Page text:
Free Books Fuelling Maximum Literacy
Education is a process that begins with the birth of a child and has no definite end. Thus, in modern times every parent determines to inculcate reading habits into their children even before they enter kindergarten, this practise develops an aptitude towards reading and attainment of knowledge.
What is this Initiative all about?
Towards the same cause, The First Interstate Bank and The United Way have come together with Billings Public School to donate books to the students of kindergarten. The students of Bitterroot Elementary School were among the first 6000 students to receive free books under this initiative.
Brenda Koch, the Executive Director of Billings Public School K-12 along with the literacy coordinator of United Way, visited Bitterroot Elementary School and recited and distributed, to an eager group of kindergarteners, a copy of the book by Jan Brett called "The Hat".
How many students will benefit from this initiative?
In addition to the 6000 students across 10 SD2 schools who received a free book from the Yellowstone County's United Way and First Interstate Bank, another 500 books were distributed to various social service agencies with the help of funding from Barnes and Noble.
Under the early literacy initiative of United Way's Reading Matters, since 2007, several books are distributed to students in an attempt to promote reading habits in students. This initiative especially benefits those students who are not financially stable or are underprivileged.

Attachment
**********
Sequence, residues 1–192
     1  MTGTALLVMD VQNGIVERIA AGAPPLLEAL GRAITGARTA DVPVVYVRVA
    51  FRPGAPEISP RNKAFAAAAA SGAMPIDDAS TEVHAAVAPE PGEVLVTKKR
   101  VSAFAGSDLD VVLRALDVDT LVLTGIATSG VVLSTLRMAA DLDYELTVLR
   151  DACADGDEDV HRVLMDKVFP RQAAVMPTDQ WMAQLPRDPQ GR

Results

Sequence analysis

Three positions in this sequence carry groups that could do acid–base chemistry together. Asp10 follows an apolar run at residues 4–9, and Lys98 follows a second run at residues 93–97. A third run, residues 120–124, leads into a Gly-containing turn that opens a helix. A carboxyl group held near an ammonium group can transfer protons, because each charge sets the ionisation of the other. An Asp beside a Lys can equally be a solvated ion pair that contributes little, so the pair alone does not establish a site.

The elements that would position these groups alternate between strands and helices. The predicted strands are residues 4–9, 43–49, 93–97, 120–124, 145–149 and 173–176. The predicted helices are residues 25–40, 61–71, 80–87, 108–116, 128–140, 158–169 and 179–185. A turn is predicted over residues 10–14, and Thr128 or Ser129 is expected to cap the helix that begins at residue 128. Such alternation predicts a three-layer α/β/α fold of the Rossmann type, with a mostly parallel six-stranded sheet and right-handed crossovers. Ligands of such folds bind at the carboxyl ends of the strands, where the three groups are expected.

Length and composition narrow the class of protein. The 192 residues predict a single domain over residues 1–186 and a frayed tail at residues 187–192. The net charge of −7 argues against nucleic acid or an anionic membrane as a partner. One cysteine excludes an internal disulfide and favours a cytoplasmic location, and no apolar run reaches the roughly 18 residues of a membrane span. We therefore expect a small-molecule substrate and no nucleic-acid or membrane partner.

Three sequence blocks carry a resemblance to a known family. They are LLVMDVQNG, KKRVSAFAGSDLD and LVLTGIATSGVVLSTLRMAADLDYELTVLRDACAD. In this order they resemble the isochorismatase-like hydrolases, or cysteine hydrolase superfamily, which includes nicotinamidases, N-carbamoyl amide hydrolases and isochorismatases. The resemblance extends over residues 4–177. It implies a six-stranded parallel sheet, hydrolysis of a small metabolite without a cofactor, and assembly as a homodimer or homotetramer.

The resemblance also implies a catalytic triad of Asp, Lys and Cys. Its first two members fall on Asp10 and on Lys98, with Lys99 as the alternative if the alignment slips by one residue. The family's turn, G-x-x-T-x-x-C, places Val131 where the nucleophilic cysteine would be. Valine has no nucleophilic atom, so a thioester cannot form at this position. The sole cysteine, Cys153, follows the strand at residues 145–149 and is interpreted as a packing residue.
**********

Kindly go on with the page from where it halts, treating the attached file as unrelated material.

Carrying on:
What is the Motive behind this Initiative?
This initiative was taken, keeping in mind the fact that reading is a habit that should be developed in every child but unfortunately every child does not have a parent who encourages them to read or do not have access to reading material.
Thus, United Ways programmes urges children as well as their parents to encourage their children to start reading even before kindergarten. Under this programme, the books are distributed to students from Title I schools where most of the children are underprivileged.
When Brenda Koch visited Bitterroot Elementary School, an eager group of students that took great interest in the reading session, which is a part of their routine, welcomed her. The response of the students greatly delighted her.
According to literacy coordinator, Jane Morris including books in our daily lives greatly improves the quality of education and the children who read right since childhood, have an advantage over students who are not as adept to reading.
This Initiative by United Way and First Interstate Bank aims at increasing the quality of education in America by providing better resources right at the root. The kindergarteners are encouraged to read and expand their knowledge about different subjects.
Since it is easier to inculcate good habits in children who are less resilient to new ideas, the introduction of reading into their curriculum will enhance their reading as well as comprehensive abilities.
This initiative, which started in 2007, has already benefitted a large number of students and plans to help many other students under their annual literacy programmes to help underprivileged children improve their life by gaining better education.